I got this image on an absolute gem of a day in 2000, on the SW corner of 5th Avenue and 23rd Street, opposite Madison Square. It shows a classic Type 24M Twin post, the variety that along with the earlier Type 3 Twin dominated 5th Avenue, and other selected routes around town, from 1896 to 1965. A few days ago, I noted that the one at 6th Avenue and Walker Street had been put back after its removal for street repairs.
The intersection of 5th Avenue, Broadway and 23rd Street at one time boasted three classic Twins, but around 2005 the number was reduced to two when this post, which had been given NYC Landmarks status, was run into by a truck, and apparently was too damaged to be repaired and put back. There’s still a Type 24 in the center median at this corner, and a hybrid post with a Type 3 Twin top — the only original one with that design left in NYC — combined with a Type 1 Bishop Crook shaft still stands at the northeast corner of 5th and Broadway.
I haven’t color corrected this picture at all in Photoshop — Kodak 35MM film provides some of the most vivid color photos in my collection, and I’d return to it were it not for the fact that buying color film was one of my chief expenses in Forgotten New York’s early days.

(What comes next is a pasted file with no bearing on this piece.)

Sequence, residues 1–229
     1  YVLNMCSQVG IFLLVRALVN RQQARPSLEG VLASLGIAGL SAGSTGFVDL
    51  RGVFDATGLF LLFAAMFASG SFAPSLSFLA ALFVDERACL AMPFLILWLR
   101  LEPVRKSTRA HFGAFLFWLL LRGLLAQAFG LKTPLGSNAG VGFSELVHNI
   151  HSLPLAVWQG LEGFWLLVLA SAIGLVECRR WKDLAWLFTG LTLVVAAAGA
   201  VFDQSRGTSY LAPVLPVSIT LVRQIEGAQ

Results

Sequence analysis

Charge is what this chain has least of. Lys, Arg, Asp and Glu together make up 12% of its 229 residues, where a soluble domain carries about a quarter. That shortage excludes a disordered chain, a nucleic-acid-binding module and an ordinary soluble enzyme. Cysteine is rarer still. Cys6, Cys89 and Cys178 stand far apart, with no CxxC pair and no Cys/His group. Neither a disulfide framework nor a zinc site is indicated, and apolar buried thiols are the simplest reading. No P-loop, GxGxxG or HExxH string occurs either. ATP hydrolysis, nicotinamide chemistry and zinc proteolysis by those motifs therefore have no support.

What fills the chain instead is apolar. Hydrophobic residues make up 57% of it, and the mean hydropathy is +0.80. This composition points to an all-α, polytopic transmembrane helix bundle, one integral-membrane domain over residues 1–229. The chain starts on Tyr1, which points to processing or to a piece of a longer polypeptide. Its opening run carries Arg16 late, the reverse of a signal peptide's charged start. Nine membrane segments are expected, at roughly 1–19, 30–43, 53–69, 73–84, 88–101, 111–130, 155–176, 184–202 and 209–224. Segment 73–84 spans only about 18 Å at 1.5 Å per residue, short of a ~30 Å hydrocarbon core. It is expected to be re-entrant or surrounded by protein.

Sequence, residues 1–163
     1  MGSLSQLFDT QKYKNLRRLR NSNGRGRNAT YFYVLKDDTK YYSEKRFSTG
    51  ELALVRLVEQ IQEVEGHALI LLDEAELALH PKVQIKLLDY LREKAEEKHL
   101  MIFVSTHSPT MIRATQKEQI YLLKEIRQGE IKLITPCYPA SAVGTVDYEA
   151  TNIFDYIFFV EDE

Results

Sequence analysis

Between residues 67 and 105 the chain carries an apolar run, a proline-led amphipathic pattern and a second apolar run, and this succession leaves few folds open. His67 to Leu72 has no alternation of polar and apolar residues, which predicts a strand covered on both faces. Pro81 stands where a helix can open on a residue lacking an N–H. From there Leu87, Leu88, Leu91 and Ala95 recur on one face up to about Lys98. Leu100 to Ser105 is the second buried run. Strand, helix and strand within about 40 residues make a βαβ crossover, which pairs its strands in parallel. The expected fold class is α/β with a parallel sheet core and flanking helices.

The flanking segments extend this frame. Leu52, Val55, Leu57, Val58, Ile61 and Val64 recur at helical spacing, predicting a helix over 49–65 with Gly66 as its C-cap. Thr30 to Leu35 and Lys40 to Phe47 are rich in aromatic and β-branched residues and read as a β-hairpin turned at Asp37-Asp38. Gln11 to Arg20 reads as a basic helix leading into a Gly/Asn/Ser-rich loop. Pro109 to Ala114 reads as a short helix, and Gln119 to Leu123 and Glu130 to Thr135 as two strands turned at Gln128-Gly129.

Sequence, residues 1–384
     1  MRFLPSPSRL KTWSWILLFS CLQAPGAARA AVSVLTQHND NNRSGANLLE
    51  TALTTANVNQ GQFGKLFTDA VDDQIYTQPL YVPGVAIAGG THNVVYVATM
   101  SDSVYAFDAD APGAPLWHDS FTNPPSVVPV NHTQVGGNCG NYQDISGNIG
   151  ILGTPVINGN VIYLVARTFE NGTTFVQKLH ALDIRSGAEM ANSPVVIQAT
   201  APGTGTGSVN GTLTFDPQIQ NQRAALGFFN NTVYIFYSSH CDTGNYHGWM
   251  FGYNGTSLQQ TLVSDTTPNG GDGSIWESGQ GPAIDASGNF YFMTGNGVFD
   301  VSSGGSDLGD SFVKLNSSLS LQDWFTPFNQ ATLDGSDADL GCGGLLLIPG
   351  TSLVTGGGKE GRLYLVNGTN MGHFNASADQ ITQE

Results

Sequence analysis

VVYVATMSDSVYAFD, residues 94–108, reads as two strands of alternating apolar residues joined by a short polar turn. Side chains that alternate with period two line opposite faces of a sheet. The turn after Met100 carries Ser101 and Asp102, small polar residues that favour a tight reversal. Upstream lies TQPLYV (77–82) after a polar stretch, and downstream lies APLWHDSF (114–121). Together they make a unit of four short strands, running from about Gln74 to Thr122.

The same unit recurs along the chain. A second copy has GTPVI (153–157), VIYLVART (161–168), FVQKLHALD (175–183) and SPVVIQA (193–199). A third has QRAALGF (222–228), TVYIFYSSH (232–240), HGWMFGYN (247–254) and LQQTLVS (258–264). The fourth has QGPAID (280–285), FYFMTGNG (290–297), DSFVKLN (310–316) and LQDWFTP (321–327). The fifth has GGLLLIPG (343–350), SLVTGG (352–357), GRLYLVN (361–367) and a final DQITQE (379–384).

There’s a lot going on in the photo. The pair of payphones — owned by Bell Atlantic, New York Telephone’s predecessor — have now been removed. The stoplight has since had a modern streetlight mastarm placed at its apex, complete with an LED lighting fixture. I worked in the building in the left background, 200 5th Avenue, as a temp at Tiffany & Co. for a few months from 2013-2014, an experience that enriched me monetarily and temperamentally. The ad on the phones touts fast internet service in an era when pokey dial up modems were still the dominant access.
I got the photo on my lunch “hour” from Macy’s. When I worked in the offices at their midtown flagship at 7th Avenue and 34th Street, I’d take my film camera in now and then and proceed to rove all over at lunchtime, sometimes taking the train and getting as far as Brooklyn or Inwood, way uptown. Occasionally, I’d take as much as two hours. This sort of thing makes modern-day managers blanch, and at jobs these days, I adhere strictly to custom, but it’s my belief that employees should take all the time they need for lunch provided their assigned tasks are done in the correct time frame. Add to that, I was never paid overtime at Macy’s as everyone, including the drones in the bullpen like me, were considered “executives.” When I worked at suburban Publishers Clearing House in Port Washington, my teammates knew I had been out walking, sometimes as far as Sands Point, by how sweat stained my shirt was when I returned after lunch.